The mother of all biases is multiple testing. Let’s go through an example to understand this. Suppose you find a profitable trading strategy for US equities. Naturally, you will test the same strategy with slightly different parameters over the course of your research project. Quarterly vs. monthly rebalancing, value vs. equal weights, rebalancing at the end or middle of the month, you name it. From the perspective of robustness, this is completely reasonable but only if you report all results. Interestingly, however, many brains are somehow wired to cherry-pick the best backtest and only report this one. Unless there are plausible reasons why this particular specification performed best, this is a classic example of multiple testing. If you see papers that report just one particular of many plausible specifications, this is definitely a red flag.
Other examples for multiple testing are all kind of adjustments researchers do after running the first model. Removing outliers, changing the sample period, excluding certain periods where things didn’t work – those are all bad practices that often start when the data doesn’t really fit the desired hypothesis.
How to cope with this problem? Researchers should carefully document how many tests they were running and report the results from all of them. There are also approaches to increase the thresholds for statistical significance as a function of the number of tests.2For example, the Deflated Sharpe Ratio from Bailey & de Prado (2014). For example, a t-statistic of 2.58 is fine for a 99% significance level in the first test but for the 27th, it must be much higher to guard against multiple testing.
Practitioner research in asset management
In the final section, the author distinguishes three types of practitioner research in asset management and the potential impact of biases for each of them. First, there is “research” for clients which is often just marketing. Second, there are articles in practitioner journals (also a form of marketing but more scientific). And finally, there is (usually proprietary) research that fuels investment processes.
According to the author, the first two categories (unsurprisingly) suffer more from biases and bad practices than the final one. The reasons are simple. Clients don’t want to hear that you did 127 research projects without any practical results. Similarly, you have a hard time publishing papers in practitioner journals without significant results.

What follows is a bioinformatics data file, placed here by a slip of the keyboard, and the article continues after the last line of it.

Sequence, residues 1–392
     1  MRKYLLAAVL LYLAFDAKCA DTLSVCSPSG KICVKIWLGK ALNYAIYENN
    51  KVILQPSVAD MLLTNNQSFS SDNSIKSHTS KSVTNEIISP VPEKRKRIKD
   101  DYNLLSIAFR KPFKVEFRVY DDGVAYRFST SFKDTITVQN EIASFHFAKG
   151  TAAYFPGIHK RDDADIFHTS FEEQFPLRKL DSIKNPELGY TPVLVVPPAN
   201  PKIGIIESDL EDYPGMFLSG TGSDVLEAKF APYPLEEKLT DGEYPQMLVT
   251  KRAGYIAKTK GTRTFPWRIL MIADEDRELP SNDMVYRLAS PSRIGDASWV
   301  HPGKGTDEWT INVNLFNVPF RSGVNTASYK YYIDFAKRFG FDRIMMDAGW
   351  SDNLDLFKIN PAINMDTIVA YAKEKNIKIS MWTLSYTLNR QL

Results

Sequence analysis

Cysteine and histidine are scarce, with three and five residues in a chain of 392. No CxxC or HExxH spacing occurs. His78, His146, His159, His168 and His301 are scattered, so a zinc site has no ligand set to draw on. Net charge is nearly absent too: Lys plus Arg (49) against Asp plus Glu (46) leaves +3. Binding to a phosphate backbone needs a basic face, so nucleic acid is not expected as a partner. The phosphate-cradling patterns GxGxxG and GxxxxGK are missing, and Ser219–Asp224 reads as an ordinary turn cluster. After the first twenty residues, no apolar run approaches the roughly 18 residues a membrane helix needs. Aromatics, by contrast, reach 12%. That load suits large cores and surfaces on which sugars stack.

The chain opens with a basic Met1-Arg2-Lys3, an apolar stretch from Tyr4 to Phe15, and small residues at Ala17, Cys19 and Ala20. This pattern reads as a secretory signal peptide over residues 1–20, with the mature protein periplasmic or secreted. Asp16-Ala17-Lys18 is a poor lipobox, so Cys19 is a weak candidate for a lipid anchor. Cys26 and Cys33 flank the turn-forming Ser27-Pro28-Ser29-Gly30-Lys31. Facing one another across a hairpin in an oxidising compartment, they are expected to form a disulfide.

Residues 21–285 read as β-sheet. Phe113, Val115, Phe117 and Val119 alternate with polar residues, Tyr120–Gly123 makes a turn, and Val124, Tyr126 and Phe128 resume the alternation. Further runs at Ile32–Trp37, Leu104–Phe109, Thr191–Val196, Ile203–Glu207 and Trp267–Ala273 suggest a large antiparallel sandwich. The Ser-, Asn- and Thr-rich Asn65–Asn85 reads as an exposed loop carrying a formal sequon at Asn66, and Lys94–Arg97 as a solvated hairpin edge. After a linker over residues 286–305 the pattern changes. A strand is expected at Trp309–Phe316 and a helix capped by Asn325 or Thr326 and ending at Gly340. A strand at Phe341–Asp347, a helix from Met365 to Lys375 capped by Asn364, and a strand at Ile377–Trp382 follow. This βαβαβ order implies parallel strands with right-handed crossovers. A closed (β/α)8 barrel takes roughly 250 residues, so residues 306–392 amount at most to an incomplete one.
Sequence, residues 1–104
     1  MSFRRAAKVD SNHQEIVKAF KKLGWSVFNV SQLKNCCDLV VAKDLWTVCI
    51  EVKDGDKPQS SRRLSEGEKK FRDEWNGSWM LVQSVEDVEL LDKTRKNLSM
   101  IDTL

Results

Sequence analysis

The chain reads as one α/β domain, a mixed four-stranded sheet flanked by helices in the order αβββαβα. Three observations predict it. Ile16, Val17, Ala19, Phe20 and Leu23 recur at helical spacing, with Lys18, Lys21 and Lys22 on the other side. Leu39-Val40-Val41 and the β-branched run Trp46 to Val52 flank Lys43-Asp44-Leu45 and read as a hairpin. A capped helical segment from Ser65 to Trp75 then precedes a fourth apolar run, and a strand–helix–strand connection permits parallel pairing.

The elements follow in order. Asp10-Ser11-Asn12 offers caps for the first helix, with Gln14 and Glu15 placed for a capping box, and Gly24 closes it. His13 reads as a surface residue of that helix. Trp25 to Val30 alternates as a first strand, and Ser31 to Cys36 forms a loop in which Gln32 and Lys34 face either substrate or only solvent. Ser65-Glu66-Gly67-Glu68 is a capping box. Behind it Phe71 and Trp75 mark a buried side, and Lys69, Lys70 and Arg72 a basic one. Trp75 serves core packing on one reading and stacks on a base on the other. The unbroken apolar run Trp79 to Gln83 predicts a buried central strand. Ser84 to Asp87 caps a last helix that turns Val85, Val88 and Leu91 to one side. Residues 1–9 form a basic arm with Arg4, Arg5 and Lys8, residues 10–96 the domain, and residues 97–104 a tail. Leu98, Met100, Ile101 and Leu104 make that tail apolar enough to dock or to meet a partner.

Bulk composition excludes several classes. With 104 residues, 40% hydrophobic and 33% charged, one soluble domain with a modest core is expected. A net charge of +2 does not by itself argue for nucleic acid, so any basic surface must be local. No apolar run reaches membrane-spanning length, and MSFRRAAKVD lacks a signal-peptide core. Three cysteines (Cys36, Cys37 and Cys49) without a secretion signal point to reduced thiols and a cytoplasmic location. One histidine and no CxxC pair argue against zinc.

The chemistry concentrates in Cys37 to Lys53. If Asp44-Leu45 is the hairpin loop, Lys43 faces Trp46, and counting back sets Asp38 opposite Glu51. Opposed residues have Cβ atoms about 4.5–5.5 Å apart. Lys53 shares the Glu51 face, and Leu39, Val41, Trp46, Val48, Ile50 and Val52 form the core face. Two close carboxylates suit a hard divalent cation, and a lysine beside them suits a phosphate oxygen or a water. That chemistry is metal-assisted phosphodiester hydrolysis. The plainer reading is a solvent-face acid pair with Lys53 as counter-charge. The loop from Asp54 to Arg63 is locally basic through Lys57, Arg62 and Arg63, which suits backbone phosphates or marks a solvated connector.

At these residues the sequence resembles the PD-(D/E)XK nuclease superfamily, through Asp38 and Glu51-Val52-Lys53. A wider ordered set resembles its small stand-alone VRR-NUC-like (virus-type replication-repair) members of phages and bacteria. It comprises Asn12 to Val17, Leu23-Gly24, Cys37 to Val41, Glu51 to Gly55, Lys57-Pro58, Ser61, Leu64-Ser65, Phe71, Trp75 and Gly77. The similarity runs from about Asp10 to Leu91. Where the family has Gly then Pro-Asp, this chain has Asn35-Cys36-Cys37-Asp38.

For the third one, however, there are actually incentives to do proper research. If you build an investment process on flawed analyses, the investment product will most likely disappoint and the asset manager will suffer from outflows and reputation problems. That is the ideal world of asset managers who optimize for long-term value-adding strategies for investors.
Unfortunately, this is not always (or even rarely) the reality. The author mentions that over shorter horizons, there are also other incentives. For example, an asset manager could simply launch a bunch of funds in the hope that some will outperform by chance and stay in the mind of investors. In my experience this is unfortunately quite common. Also note that revenues of many asset managers often just depend indirectly on performance. Most of them charge a fixed fee on assets under management, so for short-term profits, it is sufficient to raise a lot of money from investors. Even when the strategy sucks over the next years, the manager could be already rich enough to do something else…
Conclusions and Further Ideas
This week’s paper is obviously quite skeptical and those are not the type of comments the research or practitioner community wants to hear. However, it is (in my opinion) important to discuss such issues because they are generally undeniable. Does this mean that all research is bad and we should stop reading it? I don’t think so.3Remember that incentives matter. I am writing posts about research papers. So don’t trust me at this point… If we consider the important best practices and evaluate results conservatively, I believe sound research it is still the best we can do to approach financial markets.
In fact, the author offers some advice to mitigate the problems. First, take all research results with a grain of salt and mentally discount them depending on the quality of the work. Second, check the origin of the research and identify problematic incentives. Third, identify potential costs of false discoveries in your process. Fourth, be very skeptical about results without a plausible economic mechanism. As I mentioned in my posts on factor investing, we want to know who is on the other side of our trades and why. Fifth, ask for the number of tests and watch out for all types of creative data cleaning. If not all are reported, this is multiple testing and most likely a problem. Finally, if you are not sure if a result is false positive, it probably is.
- AgPa #72: Machine-Reading of Private Equity Prospectuses
- AgPa #71: Go Where the Earnings (per Share) Are
- AgPa #70: Equal vs. Market Cap Weights
- AgPa #69: Rebalancing Luck
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|1||Always remember that I am not better than the rest. I also produced a master thesis that replicates one of those 400 factors. But I am gradually learning and improving…|
|2||For example, the Deflated Sharpe Ratio from Bailey & de Prado (2014).|
|3||Remember that incentives matter. I am writing posts about research papers. So don’t trust me at this point…|